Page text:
The Navy on Thursday said recent testing of its Red Hill well detected the presence of petroleum contaminants. Hundreds of military and nonmilitary users of the Navy’s water system last week complained of a strong fuel odor in the water, including some who reported feeling ill or having pets who became sick after drinking water.
Ige and U.S. Sens. Brian Schatz and Mazie Hirono, and Reps. Ed Case and Kai Kahele, all Democrats, released a joint statement calling for the Secretary of the Navy Carlos Del Toro, who is in Hawaii for the 80th anniversary of the Dec. 7, 1941, attack on Pearl Harbor, to suspend Red Hill operations in the aftermath of the contamination of drinking water at Joint Base Pearl Harbor-Hickam and surrounding areas.
“Test results confirming contamination of drinking water … show that the Navy is not effectively operating the World War II-era facility and protecting the health and safety of the people of Hawaii. We are calling for the Navy to immediately suspend operations at Red Hill while they confront and remedy this crisis,“ the joint statement said.
Del Toro did not respond to Honolulu Star-Advertiser requests for comment on the joint statement. Also, Rear Adm. Timothy J. Kott, commander of Navy Region Hawaii, was not available for an interview Sunday night, according to a spokeswoman.
During a town hall meeting about the Navy’s response to the crisis, held Sunday at the Hokulani Community Center, Del Toro declined to answer questions from the Star-Advertiser about the future of the Red Hill storage facility. “I’m here to listen,“ he told the Star-Advertiser.
Starting in, water samples taken by the Navy from its Red Hill drinking water well and tested at a commercial facility showed petroleum contamination, the Star-Advertiser reported Sunday. Petroleum also showed up in Red Hill drinking water samples in August and September. The Navy shut down the Red Hill water shaft on Nov. 28 as Department of Defense families began reporting the smell of fuel coming from their tap water, chemical odors, bad tastes, and a strange sheen.
Since suspension of use of the shaft, many residents said they developed skin rashes, nausea, headaches and vomiting. Others reported pets falling sick.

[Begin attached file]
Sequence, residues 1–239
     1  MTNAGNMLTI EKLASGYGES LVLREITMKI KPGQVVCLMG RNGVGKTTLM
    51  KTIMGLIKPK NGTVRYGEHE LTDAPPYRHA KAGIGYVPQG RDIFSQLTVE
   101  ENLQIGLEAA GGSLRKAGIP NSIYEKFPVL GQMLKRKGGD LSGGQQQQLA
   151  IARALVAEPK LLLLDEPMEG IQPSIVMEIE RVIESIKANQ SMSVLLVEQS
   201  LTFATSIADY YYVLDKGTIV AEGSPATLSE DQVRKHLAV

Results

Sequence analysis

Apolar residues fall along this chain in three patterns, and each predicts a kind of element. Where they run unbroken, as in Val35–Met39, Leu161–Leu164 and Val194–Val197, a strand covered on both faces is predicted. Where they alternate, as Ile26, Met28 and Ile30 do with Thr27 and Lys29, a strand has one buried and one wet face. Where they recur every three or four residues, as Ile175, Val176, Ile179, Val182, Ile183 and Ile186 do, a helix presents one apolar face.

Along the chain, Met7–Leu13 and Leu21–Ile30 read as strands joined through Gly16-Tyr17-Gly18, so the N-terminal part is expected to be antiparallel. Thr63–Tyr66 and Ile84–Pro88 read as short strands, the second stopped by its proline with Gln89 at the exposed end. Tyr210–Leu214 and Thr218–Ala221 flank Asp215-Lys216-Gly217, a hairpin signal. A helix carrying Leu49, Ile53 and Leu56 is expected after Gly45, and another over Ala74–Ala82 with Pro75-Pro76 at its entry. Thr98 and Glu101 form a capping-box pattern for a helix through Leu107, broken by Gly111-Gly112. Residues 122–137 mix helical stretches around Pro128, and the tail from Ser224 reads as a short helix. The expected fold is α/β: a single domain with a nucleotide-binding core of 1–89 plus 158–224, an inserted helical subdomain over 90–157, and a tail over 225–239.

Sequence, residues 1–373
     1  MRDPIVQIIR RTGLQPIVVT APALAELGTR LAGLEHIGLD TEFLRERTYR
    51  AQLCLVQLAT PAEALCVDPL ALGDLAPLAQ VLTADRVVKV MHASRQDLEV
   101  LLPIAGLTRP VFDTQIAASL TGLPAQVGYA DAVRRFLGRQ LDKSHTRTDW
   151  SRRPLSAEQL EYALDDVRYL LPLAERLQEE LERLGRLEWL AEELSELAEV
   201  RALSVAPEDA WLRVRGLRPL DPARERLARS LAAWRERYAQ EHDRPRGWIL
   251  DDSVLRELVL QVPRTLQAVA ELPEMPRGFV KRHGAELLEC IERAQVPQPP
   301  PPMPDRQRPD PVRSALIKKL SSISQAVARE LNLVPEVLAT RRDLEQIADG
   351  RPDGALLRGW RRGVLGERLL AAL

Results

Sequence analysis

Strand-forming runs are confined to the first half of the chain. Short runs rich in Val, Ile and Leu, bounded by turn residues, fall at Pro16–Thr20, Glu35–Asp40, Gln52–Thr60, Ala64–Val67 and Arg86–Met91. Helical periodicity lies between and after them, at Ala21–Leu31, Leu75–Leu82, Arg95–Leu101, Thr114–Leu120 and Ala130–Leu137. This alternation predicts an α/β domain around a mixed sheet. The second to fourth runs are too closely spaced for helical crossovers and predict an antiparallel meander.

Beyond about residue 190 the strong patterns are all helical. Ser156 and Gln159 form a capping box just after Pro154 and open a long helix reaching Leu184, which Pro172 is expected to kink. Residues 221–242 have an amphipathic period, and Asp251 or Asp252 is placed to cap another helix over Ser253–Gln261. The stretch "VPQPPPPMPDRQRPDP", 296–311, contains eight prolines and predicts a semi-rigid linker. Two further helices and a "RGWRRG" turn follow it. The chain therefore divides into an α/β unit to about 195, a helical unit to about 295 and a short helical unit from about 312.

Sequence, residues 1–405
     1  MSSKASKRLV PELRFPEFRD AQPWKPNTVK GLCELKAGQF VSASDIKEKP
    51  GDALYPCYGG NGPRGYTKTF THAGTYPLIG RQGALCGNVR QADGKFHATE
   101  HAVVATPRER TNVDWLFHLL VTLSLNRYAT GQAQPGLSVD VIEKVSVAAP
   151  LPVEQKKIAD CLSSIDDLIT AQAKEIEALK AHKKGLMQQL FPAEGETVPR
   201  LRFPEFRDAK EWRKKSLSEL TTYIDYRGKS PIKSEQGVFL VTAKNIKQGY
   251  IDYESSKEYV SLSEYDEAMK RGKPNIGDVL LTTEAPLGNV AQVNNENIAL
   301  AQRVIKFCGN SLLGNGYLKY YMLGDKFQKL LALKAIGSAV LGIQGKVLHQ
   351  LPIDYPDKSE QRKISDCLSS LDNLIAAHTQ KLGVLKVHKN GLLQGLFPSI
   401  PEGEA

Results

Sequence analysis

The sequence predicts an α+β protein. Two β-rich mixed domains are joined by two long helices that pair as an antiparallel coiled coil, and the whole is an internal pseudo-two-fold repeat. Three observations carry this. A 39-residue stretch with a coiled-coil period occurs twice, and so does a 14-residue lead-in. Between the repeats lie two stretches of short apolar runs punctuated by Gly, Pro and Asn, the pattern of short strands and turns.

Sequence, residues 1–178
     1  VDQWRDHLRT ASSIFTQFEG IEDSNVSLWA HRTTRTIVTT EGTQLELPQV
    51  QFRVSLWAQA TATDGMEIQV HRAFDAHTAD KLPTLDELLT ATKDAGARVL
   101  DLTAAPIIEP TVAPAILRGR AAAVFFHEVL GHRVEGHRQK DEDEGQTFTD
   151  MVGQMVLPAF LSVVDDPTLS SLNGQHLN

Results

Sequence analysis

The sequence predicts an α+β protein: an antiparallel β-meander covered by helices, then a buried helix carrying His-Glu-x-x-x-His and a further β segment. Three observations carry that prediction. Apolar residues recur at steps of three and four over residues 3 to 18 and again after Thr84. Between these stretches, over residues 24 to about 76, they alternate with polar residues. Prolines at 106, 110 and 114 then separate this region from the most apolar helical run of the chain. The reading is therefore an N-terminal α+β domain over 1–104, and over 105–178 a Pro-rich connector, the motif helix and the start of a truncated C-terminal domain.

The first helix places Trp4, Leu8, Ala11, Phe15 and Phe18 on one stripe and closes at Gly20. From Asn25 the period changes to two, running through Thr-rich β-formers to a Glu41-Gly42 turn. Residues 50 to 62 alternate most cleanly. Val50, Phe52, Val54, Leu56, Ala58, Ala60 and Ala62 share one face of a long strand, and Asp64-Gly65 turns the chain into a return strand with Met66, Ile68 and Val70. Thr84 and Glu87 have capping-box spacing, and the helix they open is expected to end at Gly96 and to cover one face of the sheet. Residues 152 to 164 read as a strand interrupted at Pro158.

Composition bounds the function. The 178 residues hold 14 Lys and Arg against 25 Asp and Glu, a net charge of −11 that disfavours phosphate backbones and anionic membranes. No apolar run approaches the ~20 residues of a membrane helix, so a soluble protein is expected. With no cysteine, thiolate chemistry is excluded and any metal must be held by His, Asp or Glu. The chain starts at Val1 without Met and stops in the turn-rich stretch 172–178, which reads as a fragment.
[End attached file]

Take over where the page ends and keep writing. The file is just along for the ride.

On Sunday, Capt. Erik Spitzer, commander of Joint Base Pearl Harbor-Hickam, issued a public apology, acknowledging that the Navy was wrong about the water being safe for drinking or bathing. Spitzer also apologized for a notice issued to military housing residents on Nov. 29 that indicated the water was safe. “My staff and I are drinking the water on base this morning, and many of my team live in housing and drink and use the water as well,“ said Spitzer in the notice.
To see the rest of the article…
Civil Beat, Christina Jedra, December 1 2021, As officials wait for answers about the source of petroleum contamination in the water near Red Hill, the Honolulu Board of Water Supply is pumping water from one of its wells, the Halawa shaft, at half the rate it normally does as a “precautionary measure,” the agency said on Wednesday.
The water board typically pumps 10 million gallons per day from the Halawa shaft, which provides water to over 400,000 people from Moanalua to Hawaii Kai – over 20% of the water for the area.
As of Wednesday, it was pumping at a rate of 5 million gallons per day.
The move shows that the island agency in charge of delivering clean water to metropolitan Honolulu and beyond is taking seriously the possibility that the island’s drinking water could be at risk.
“Right now, it almost looks like a disaster unfolding before our eyes,” Board of Water Supply Chief Engineer Ernie Lau said.
The Board of Water Supply slowed its pumping amid reports that military housing residents are being sickened by water that smells like fuel and after the Navy stopped pumping at its own Red Hill shaft on Sunday.
On Wednesday, the Hawaii Department of Health announced that preliminary testing detected petroleum in a water sample from Red Hill Elementary School but said details and the source of the problem are still under investigation.
Without the announcement of an official cause, residents have wondered whether their symptoms are connected to a 14,000-gallon spill of fuel and water from a pipeline a quarter-mile downhill from the Red Hill fuel facility on Nov. 20. The World War II-era fuel farm is made up of 20 massive tanks and a system of pipelines, and the Red Hill water shaft is located a half-mile away.
For the rest of the story from Civil Beat see it here
Civil Beat, Nick Grube, December, (LK Comment: State of Hawaii water officials have raised their concerns about the Red Hill Fuel tanks and their slow leaks for decades, but the Navy has downplayed the problems and has been slow in remediating the issue) WASHINGTON — Hawaii Rep. Kai Kahele demanded answers from a top Navy official Thursday about petroleum contamination in the drinking water at Red Hill on Oahu.